Perm and Learn.
As a young woman trips to the hairdressers were looked upon as a real luxury. I always coloured my own hair and enjoyed styling it. Thinking that I’d got this hairdressing lark sussed, I decided that it was time to give myself a home perm. They were all the fashion, but to go to the hairdresser and have a professional perm was completely out of my price range, so a home perm it was. I followed the instructions to the letter, and although I do say so myself, I made a really good job of it. So, when a close friend of mine asked if I’d give her a perm, I said, “No problem.”
I arranged to go over to her house the following Saturday evening. She was going to buy the perm and provide drinks and nibbles so that we could make an evening of it.
Saturday night came and we got started almost as soon as I walked through the door. I placed my packet of cigs and lighter on the mantlepiece next to the ashtray, while Susan filled me a large glass of cider. (My tipple of the day ) I quickly read through the instructions, took a large glug of cider and lit a ciggy. Let the hairdressing begin!
Susan and I had been good friends for years. We were the kind of friends that ‘got’ one another’s sense of humour. The more we drank the more we giggled, plus I’m sure that the fumes from the perming lotion were making me feel woozy and light headed. Then out of the corner of my eye I noticed that my cig had rolled out of the ashtray and was burning a nice hole in her beautifully polished mantlepiece. Susan’s house was a palace compared to mine, but I never envied her. I was genuinely pleased when she showed me her latest acquisitions, be it household goods or clothing.
Anyway, I was in total shock when I looked and saw the burn mark that the cigarette had left.
“Please forgive me, I’ll pay for the mantle to be re-polished,” I said franticly rubbing at the scorched wood.
Susan knew, as well as me, that I would never have the money to pay for it to be repaired. She was very gracious about it and just pushed an ornament over the burn, “There, job’s a good un!” she smiled.
I finished the perm and a full bottle of cider. In a slurred voice I told Susan to leave the perming pins in overnight and that I’d see her tomorrow morning for the big reveal.
The next day I walked over to Susan’s house, a little hung over and still remorseful over the cigarette burn. I entered the house via the back door as usual, only to be met by a red eyed Susan.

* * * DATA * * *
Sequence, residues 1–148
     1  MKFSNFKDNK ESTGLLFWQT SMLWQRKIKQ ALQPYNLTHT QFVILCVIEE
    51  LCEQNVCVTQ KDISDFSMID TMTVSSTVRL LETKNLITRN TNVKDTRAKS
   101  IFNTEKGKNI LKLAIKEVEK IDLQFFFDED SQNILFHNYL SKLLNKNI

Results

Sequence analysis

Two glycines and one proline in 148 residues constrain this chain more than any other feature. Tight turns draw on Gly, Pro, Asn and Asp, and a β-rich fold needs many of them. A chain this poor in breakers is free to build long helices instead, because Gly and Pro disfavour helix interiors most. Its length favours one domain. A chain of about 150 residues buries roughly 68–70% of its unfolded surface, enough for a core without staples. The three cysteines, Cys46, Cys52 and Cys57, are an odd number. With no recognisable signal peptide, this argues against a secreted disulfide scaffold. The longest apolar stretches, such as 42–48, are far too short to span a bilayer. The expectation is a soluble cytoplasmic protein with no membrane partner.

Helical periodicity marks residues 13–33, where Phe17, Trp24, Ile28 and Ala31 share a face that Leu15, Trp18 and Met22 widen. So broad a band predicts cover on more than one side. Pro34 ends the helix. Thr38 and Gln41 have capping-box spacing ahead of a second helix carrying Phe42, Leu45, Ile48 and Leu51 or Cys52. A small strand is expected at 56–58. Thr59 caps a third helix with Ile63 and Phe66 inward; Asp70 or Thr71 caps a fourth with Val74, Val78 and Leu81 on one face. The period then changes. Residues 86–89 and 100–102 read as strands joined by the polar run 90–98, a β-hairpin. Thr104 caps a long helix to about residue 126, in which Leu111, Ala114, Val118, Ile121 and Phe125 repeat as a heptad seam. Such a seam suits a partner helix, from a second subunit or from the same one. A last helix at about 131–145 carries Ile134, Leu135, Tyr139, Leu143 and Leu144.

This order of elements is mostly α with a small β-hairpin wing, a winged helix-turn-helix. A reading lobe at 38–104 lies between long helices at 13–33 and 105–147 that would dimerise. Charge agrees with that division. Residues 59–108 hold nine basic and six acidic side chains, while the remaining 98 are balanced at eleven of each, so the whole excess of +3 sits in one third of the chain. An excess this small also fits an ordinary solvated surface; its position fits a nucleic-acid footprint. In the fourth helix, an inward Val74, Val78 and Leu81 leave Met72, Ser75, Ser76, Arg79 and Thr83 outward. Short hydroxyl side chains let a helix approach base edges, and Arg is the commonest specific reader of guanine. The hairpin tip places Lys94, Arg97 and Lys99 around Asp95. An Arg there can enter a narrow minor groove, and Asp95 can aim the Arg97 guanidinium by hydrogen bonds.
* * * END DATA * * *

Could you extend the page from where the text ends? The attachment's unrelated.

“Look at me,” she yelled! “You bloody fool, what have you done to my hair?”
What I’ve forgotten to mention, is that Susan had the most beautiful, long, golden blonde, shiny hair. (Had!) She’d put it into two plats, (two very thick, straw like plats, I have to say) and as she yelled abuse at me she bent them in the middle. They both just stayed there. She looked like a character from a cartoon, stood there with two pigtails pointing up to heaven.
I couldn’t work out what had happened, so I walked over to the kitchen bin and rummaged around until I found the instructions for the perm. All the time I was insisting that I’d followed the instructions to the letter, and it must be the product that was at fault. Reading them a little more carefully, and I have to confess, a lot more soberly, I gasped, “I was supposed to take the perming pins out and wash your hair after I’d applied the neutraliser!”
“You don’t bloody say?” Susan screamed.
That wasn’t the end of a beautiful friendship, I’m glad to say but, it came very close to being. It took months, and several trips to the hairdresser, before her hair was in anything like good condition. A word from the wise, never drink and perm!
At this point I should perhaps be telling you that my days as an amateur hairdresser were over, but alas I can’t. All of my children, and even D.H, have been victim to my non-skills. In fact D.H once had a bald patch on the back of his head the size of a fifty pence piece. I had to bribe the children not to say anything about it, fortunately we were going away on holiday so none of his work pals or our friends saw it and grassed on me.
Anyway, that was only one of many times I came a cropper due to alcohol. I think that I drank my way through the first fifteen years of marriage, and then just stopped. It wasn’t long before I’d replaced the drinking with something else, something much more harmful, but that’s another story, for another time.
I hadn’t had a drink for about ten years, plus by that time I’d started going God’s way, so all harmful substances had been given up. Then in the summer of 2010, our son and his wife came to visit. I remember it as if it was yesterday. It was a beautiful warm summer’s day, and we’d caught the bus over to the park to hear a band playing. We sat in the sunshine listening to the music. I asked if anyone would like a bottle of water from the shop.
D.H and our son asked me to get them some lagers, and my daughter-in-law asked for a soft drink. In the shop I picked up a four pack for the boys and as I did I noticed ice cold cans of G&T. I bought two. Within six weeks of drinking those two small cans of G&T, I was downing a bottle of gin a week. I would mix it with tonic water, not diet mind — it’s bad for you! (That’s irony!)
This went on for a couple of years. Not only was I drinking myself into an early grave, but I must have put on ten stone with all of that sugary tonic water and the lack of willpower drinking brings. I attended church, worked and ran a home, but the drink had a hold of me. I had become a functioning alcoholic. Then our youngest boy paid us a visit, and to cut a long story short, he told me to get a grip!